André Gagnon not guilty of sex assault, finds military court

Warrant Officer André Gagnon has been found not guilty of sexual assault by a military court.

Former corporal Stéphanie Raymond accused Gagnon of sexual assault at Lévis armoury in 2011

Warrant Officer André Gagnon pictured at court martial proceedings last year. His jury found him not guilty on charges of sexual assault dating from 2011. (Radio-Canada)

Warrant officer André Gagnon has been found not guilty of sexual assault by a military court.

The court martial’s five-man jury rendered its unanimous decision on Friday after considering the matter for three days.

Gagnon, 48, faced 10 years in prison if a guilty verdict had been returned in the case, which saw the warrant officer accused of sexually assaulting former corporal Stéphanie Raymond.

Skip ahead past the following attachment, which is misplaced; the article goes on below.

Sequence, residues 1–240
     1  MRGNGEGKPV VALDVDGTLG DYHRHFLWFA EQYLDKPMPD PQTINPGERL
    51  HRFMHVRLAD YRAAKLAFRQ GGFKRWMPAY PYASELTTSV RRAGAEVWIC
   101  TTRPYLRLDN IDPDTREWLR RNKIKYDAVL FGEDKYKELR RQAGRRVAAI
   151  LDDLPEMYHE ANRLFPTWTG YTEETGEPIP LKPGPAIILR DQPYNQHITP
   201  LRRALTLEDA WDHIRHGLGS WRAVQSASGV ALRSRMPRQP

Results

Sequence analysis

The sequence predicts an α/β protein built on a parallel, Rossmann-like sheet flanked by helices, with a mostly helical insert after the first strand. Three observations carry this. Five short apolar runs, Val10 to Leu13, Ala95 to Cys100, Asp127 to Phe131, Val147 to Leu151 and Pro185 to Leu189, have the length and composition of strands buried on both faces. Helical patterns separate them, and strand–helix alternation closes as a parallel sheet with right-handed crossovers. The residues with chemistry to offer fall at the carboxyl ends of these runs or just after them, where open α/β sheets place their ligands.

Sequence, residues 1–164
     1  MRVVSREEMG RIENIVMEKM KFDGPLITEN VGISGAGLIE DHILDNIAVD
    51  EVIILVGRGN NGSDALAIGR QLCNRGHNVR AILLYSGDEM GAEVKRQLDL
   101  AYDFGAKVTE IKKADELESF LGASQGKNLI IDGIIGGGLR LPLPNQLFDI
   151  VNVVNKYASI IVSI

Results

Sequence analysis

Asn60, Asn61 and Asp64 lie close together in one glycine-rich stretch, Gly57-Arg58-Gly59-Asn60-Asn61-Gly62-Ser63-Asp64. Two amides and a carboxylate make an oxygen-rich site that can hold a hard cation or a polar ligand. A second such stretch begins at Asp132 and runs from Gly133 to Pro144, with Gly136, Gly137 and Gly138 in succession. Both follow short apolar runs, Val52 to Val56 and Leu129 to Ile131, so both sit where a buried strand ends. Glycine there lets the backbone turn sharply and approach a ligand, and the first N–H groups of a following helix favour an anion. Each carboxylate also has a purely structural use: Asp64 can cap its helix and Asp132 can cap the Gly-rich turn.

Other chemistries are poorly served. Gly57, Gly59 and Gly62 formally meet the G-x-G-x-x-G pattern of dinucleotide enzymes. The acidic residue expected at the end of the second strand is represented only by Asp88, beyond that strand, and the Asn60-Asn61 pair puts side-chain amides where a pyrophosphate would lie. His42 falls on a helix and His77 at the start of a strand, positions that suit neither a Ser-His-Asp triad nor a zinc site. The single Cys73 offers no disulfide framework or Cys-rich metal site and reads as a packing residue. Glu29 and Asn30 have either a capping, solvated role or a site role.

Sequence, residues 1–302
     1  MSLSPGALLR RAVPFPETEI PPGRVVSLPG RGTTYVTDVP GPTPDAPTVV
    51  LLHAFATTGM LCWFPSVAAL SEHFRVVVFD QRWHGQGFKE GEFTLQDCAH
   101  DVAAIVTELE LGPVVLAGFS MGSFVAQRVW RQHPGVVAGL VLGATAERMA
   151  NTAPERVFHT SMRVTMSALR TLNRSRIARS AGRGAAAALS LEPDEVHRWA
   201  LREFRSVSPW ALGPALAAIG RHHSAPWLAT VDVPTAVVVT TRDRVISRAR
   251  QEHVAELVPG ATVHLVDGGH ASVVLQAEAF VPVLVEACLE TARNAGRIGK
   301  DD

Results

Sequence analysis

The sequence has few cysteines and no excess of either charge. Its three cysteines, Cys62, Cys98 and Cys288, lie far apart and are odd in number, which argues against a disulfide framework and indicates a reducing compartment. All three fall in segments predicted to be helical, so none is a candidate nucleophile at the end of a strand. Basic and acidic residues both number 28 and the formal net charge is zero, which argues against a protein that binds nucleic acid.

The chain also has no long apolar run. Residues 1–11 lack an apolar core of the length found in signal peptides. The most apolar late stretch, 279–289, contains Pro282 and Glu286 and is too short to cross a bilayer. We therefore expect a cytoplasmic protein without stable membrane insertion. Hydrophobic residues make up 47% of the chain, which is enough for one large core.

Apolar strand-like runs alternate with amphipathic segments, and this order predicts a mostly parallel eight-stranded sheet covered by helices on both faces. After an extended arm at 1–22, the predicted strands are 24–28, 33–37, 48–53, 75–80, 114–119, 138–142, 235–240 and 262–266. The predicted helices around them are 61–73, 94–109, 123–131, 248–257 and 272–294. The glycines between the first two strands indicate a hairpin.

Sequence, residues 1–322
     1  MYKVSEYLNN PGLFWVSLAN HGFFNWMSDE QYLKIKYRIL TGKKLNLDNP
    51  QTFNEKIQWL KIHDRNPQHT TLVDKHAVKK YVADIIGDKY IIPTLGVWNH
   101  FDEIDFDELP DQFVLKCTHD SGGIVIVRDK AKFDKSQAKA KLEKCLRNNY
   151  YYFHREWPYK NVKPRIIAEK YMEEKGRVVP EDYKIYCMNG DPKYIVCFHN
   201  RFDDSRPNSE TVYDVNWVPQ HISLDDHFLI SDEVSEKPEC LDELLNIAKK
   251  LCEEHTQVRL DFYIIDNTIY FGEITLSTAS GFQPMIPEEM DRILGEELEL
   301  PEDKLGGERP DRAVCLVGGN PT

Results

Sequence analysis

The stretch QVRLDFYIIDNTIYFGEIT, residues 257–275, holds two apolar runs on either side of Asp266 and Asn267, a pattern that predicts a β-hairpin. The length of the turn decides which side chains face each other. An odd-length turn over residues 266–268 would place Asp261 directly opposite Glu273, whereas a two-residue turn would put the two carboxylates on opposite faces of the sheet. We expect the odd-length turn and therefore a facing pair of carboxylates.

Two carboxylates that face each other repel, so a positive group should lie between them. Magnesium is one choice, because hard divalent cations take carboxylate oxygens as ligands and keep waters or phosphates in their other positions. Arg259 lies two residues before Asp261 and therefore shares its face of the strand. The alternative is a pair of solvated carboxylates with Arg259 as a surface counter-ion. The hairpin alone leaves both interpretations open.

Raymond alleged that Gagnon assaulted her in December 2011 at the Régiment de la Chaudière armoury in Lévis, Quebec.

Raymond accused Gagnon of taking advantage of his position as her superior and maintained that the encounter was not consensual.

Gagnon’s lawyer, Maj. Philippe-Luc Boutin, questioned Raymond's credibility and portrayed her as calculating and manipulative.

Gagnon hugged Boutin when the verdict was pronounced.

Raymond was not present for the verdict on Friday.

The prosecution now has 30 days to consider an appeal.

Prosecuting lawyer Maj. Gabriel Roy said he will assess that possibility in the coming weeks.